1. Enter a site location as a standard 10km grid-reference (i.e. letters/numbers).
2. Selecting the ‘Baseline’ environmental scenario allows a comparison of lichen species environmental suitability (envS) determined by ‘present-day’ climate, pollution, and woodland landscape values (extent of ancient woodland), with those of future scenarios. Baseline scenarios can be modified by incorporating user defined tree composition.
3. Select up to two contrasting future scenarios to compare with the baseline. These future scenarios could be the baseline environment with a different woodland composition, or a choice of two contrasting climate change scenarios: a 2050s medium greenhouse gas emissions pathway (2050M), and a 2080s high greenhouse gas emissions pathway (2080H), each implemented with lowered SO2 pollution.
4. ‘Select All’ lichen species for a generic evaluation of environmental and/or tree composition scenarios on environmental suitability (envS) for lichen epiphytes.
5. Alternatively, scroll, or use the search and sort functions to select lichen species of interest.
6. Species nomenclature mostly follows the British Lichen Flora by Smith et al. (2009), with some recent exceptions, e.g. Mycoblastus fucatus = Violella fucata. If in doubt, consult the British Lichen Society Taxon Dictionary.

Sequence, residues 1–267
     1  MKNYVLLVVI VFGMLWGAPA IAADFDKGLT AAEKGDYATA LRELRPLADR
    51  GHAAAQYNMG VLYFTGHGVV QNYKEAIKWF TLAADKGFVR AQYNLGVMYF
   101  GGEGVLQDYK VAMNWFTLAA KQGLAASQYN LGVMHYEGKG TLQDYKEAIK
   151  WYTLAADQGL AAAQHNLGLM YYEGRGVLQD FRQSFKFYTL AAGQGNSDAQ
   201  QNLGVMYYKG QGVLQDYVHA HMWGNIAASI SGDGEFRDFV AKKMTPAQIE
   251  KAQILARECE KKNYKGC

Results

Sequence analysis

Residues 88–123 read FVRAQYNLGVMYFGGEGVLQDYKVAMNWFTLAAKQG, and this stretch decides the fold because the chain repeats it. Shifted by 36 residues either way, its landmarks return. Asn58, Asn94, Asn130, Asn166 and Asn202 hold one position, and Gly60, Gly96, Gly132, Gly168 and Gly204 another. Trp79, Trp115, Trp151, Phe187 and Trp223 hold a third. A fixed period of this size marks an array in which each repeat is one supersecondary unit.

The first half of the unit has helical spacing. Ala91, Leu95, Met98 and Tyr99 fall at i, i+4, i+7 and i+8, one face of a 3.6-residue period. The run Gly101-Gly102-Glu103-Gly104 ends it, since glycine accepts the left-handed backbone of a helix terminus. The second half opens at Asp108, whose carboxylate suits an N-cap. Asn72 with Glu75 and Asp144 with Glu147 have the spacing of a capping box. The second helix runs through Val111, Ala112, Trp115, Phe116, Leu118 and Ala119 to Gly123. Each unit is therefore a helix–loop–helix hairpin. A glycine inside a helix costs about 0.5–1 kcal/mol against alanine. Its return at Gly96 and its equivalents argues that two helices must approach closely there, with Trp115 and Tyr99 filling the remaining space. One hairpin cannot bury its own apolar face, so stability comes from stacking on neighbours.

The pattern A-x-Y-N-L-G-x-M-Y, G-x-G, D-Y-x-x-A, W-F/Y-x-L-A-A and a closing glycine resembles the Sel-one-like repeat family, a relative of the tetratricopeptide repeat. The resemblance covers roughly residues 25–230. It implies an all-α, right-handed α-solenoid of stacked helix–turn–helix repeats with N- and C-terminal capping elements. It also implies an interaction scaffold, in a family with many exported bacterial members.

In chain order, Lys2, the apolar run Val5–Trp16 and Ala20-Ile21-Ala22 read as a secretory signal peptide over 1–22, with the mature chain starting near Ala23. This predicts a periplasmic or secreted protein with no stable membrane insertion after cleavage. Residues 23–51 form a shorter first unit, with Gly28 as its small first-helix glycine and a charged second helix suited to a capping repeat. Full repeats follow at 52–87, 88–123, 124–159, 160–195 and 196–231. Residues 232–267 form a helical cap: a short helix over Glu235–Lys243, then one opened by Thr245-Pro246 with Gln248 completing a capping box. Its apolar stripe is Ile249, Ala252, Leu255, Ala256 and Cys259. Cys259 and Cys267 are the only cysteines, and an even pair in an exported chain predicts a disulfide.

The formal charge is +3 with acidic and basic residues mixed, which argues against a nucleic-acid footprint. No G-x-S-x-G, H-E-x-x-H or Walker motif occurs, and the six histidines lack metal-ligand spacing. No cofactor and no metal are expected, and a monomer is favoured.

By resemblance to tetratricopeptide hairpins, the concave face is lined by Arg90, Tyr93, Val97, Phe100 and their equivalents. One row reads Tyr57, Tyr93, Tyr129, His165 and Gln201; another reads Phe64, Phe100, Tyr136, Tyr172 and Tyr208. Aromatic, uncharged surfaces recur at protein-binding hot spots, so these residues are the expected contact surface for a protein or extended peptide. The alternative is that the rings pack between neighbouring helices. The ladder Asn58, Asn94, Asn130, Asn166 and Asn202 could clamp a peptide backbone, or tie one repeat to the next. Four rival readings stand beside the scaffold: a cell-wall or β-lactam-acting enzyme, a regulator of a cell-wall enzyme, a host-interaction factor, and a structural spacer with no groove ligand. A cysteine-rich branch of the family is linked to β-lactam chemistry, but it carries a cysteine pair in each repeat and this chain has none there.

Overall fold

7. If chosen as an option, tree species composition at the baseline and for any scenarios may now be selected.
8. Choices made here modify the value of environmental suitability (envS) that is based on the larger-scale environment (climate, pollution, and ancient woodland extent) by using a simple correction that accounts for tree species composition in a woodland stand: Corrected envS = envS * [(Pri * Tfi/5) + (Prj * Tfj/5)… ] [Eq. 1]
9. Where Pr is the proportion of records for an epiphyte species associated with a given tree (i, j, ...), and Tf is the frequency of a given tree species (i, j, ...) within a woodland stand calculated on a 5-point scale that is analogous to scores used in UK’s National Vegetation Classification.
10. Values for trees between 1 and 5 are equivalent to the upper bounds of frequency classes (or ‘constancy’) within the NVC. Considering a series of plots within a stand, the occurrence of a given tree species is estimated in five classes: up to 20% of plots (1, or a proportion/weighting factor of ‘0.2’), 21-40% (2, or ‘0.4’), 41-60% (3, or ‘0.6’), 61-80% (4, or ‘0.8’), or in 81-100% of plots (5, or ‘1’).
11. The results page can be printed out, and provides for each species:
12. Species can be sorted alphabetically, or by their properties (conservation status).
13. The Bray-Curtis metric (Krebs 1999) is used to describe the overall community-level difference (dissimilarity) in envS compared among selected species, between the baseline and scenarios, from 0 (identical, or no change) to 1 (completely different).
14. Bray-Curtis is preferred to an averaged value of change across species, because in a two species community, if for example Sp. A transitions from an environmental suitability of 0.5→0 ( = -0.5) and Sp. B from 0→0.5 (= +0.5), the average degree of change is 0, though the actual dissimilarity is 1 (complete switch in community composition).
15. However, the interpretation of the Bray-Curtis metric should be combined with an understanding of the species values in environmental suitability (envS), because a community of two species which transition from envS values of 0.01→0 and 0.05→0, and from values of 0.9→0 and 0.95→0, would both score a change of 1, though the felt consequences of the shifted envS may be very different.